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Majority Pakistanis (69%) state that the best way to protect one’s savings is to invest them in real estate.


According to a survey conducted by Gallup Pakistan, 69% Pakistanis agreed with the following statement: ‘Savings are best protected when invested in property or land’. On the other hand, 31% disagreed with this statement. These results are a part of the nationwide Access to Finance Study conducted by the State Bank of Pakistan in 2015 with the intent of determining the degree of financial inclusiveness of the Pakistani public.

This press release is part of a special series that aim to foster an empirical understanding of financial inclusion in Pakistan and that hope to create a collaborative network of individuals working on the topic. Before starting any conversation on developing a methodology of increasing financial inclusivity in Pakistan, it is vital to be aware of the perceptions that the general public has with regards to financial matters. This particular press release aims to find out whether people in Pakistan feel that investing in real estate is the best way to protect and manage one’s savings. Having an empirical figure for this question is important for formulating policy on increasing financial inclusivity in Pakistan. It is also important for banks to be aware of the mindset of Pakistanis on this matter, since it could play an important role in determining the popularity of banks as institutions of saving money, as opposed to other means such as investing in land.

A nationally representative sample of men and women from across the four provinces was asked, “Please tell me if you rather agree or rather disagree with these statements? [Savings are best protected when invested in property or land]” In response to this question, 69% Pakistanis agreed with this statement whereas 31% respondents disagreed. The empirical results show that for an outright majority of Pakistanis, investing in property or land is seen as the best way of protecting one’s savings. This has important implications for financial stakeholders in Pakistan since the measures undertaken to enhance financial inclusivity in the Country need to be tailored accordingly.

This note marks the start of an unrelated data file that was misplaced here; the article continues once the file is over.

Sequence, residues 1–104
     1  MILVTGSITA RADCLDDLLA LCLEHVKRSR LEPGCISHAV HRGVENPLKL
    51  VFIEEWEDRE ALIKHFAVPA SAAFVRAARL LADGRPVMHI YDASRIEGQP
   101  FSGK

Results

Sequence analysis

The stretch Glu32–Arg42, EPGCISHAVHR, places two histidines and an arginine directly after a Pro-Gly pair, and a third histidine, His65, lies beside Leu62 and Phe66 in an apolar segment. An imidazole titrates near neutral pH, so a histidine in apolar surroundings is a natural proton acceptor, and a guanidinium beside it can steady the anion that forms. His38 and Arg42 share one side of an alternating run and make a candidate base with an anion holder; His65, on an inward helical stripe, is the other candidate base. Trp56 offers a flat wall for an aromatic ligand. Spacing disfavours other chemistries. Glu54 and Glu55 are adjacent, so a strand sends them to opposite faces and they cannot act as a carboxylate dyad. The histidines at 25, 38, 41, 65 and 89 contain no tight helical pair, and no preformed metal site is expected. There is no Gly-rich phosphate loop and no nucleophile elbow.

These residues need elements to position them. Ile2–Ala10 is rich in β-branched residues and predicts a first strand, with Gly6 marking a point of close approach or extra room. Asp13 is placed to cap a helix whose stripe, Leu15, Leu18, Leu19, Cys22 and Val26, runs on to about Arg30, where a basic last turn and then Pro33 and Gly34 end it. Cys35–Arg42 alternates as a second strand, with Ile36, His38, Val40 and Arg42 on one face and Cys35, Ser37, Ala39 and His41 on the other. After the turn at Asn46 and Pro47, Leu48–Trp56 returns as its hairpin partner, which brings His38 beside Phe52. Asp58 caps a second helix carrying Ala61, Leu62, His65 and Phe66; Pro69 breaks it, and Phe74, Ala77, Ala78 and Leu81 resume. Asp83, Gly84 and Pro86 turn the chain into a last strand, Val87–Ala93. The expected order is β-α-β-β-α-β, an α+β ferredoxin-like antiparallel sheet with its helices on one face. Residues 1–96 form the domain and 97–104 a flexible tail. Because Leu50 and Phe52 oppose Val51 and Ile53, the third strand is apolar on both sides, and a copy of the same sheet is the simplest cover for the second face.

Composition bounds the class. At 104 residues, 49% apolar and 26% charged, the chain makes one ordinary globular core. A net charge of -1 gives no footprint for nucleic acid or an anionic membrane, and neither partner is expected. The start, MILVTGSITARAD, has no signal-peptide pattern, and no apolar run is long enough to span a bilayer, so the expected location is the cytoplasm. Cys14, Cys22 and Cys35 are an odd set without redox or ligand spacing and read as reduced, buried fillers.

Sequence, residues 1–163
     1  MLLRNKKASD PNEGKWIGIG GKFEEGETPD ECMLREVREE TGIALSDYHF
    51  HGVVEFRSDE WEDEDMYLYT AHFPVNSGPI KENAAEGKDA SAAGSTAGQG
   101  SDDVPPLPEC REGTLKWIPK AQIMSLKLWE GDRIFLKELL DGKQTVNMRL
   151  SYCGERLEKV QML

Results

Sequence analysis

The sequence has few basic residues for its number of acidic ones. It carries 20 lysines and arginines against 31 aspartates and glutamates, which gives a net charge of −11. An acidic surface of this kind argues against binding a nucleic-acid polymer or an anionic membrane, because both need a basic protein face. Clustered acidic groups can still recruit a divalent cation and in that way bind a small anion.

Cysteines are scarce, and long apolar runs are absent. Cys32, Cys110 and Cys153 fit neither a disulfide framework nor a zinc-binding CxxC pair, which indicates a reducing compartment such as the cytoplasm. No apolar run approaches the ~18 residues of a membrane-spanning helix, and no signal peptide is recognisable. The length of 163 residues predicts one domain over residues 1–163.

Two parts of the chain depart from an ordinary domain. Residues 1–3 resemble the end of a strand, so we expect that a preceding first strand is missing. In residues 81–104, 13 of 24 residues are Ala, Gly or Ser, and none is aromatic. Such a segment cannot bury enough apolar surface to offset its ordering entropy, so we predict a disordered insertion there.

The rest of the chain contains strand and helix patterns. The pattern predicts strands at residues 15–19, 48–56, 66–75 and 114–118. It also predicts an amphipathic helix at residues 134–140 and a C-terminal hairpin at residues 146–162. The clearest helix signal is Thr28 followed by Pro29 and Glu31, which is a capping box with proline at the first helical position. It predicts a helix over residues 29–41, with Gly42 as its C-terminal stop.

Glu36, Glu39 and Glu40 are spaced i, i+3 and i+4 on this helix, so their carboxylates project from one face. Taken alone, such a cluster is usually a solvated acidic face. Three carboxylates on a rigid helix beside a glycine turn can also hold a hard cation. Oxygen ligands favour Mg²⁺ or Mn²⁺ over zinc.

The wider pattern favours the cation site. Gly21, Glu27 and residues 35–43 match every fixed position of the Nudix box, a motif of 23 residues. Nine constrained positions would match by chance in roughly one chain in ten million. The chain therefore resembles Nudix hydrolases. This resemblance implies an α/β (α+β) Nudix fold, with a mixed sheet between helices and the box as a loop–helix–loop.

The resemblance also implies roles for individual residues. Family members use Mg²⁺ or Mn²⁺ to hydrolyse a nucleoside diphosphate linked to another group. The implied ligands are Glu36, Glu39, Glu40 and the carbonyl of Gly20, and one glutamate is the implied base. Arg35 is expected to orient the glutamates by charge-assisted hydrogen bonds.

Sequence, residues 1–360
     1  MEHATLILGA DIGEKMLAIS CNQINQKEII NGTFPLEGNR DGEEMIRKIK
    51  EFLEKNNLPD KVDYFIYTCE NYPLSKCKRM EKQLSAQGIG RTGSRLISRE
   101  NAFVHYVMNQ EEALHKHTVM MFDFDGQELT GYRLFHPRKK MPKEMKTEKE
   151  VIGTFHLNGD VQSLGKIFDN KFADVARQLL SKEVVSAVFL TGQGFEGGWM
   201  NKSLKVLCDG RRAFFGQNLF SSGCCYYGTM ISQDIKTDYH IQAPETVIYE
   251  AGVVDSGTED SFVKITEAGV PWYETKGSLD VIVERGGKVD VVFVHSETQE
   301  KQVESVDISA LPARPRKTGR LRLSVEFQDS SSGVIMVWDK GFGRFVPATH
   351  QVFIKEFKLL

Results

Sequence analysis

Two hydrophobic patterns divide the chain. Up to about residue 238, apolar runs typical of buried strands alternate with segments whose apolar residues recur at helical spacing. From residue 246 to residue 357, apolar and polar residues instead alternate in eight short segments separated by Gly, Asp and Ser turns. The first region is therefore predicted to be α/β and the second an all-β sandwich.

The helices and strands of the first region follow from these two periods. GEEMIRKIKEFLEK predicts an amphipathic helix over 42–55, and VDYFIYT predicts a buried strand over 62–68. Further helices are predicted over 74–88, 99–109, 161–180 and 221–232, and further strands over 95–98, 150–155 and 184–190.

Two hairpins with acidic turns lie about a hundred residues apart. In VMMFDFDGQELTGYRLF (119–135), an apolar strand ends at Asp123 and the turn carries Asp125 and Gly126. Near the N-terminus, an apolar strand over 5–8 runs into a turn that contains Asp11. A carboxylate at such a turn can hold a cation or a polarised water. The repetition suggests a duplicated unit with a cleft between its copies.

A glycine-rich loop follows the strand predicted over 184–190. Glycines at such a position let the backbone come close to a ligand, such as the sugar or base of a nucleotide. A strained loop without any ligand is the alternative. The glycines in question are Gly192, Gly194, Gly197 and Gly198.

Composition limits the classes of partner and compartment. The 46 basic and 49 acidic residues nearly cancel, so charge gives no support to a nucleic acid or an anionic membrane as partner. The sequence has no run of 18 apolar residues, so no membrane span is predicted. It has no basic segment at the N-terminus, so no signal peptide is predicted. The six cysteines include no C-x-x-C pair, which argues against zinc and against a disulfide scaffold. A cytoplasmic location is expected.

A gender breakdown of this result also reveals a picture with not a significant gap between the two genders. 70% males felt that the best way to protect one’s savings was to invest them in property or land while the same response was given by 67% of the females. Meanwhile, 30% males disagreed with this statement while the same response was given by 33% of the females.

A rural/urban breakdown reveals that 71% of the respondents in urban areas and 68% in rural areas agreed that the best way to protect one’s savings was to invest them in real estate. This negligible difference between the proportion of urban and rural respondents agreeing with this statement serves to highlight that people in Pakistan, irrespective of socio-economic differences between rural and urban respondents, still don’t see banks as an effective source of managing and/or protecting one’s savings. Furthermore, in light of the recent boom in Pakistan’s real estate market, people have increasingly started to feel that the best way to make a profit out of one’s savings is to buy land and property in a developing housing society or commercial center and then sell it once the property prices pick up. Thus, the exponential growth in Pakistan’s property industry has shifted people’s focus from seeing banks and other formal financial institutions as effective sources of saving money. Finally, 29% in the urban areas disagreed with this statement while the same answer was given by 32% of the respondents in rural areas.

According to the provincial breakdown, 69% of the respondents in Punjab, 72% in Sindh, 68% in KPK and 49% in Baluchistan agreed that the best way to protect one’s savings is to invest them in real estate. On the other hand, 30% of the respondents in Punjab, 28% in Sindh, 32% in KPK and 51% in Baluchistan disagreed with the statement. The fact that Baluchistan has the highest proportion of respondents that disagree with this statement needs some explanation. Comparing Baluchistan’s socio-economic and, more importantly, security situation with the other provinces can be a starting point for examining why people in Baluchistan feel that savings may not be protected so well if they are invested in real estate. The penetration of Pakistan’s real estate market in Baluchistan can also be looked at in order to reach some understanding regarding these empirical statistics.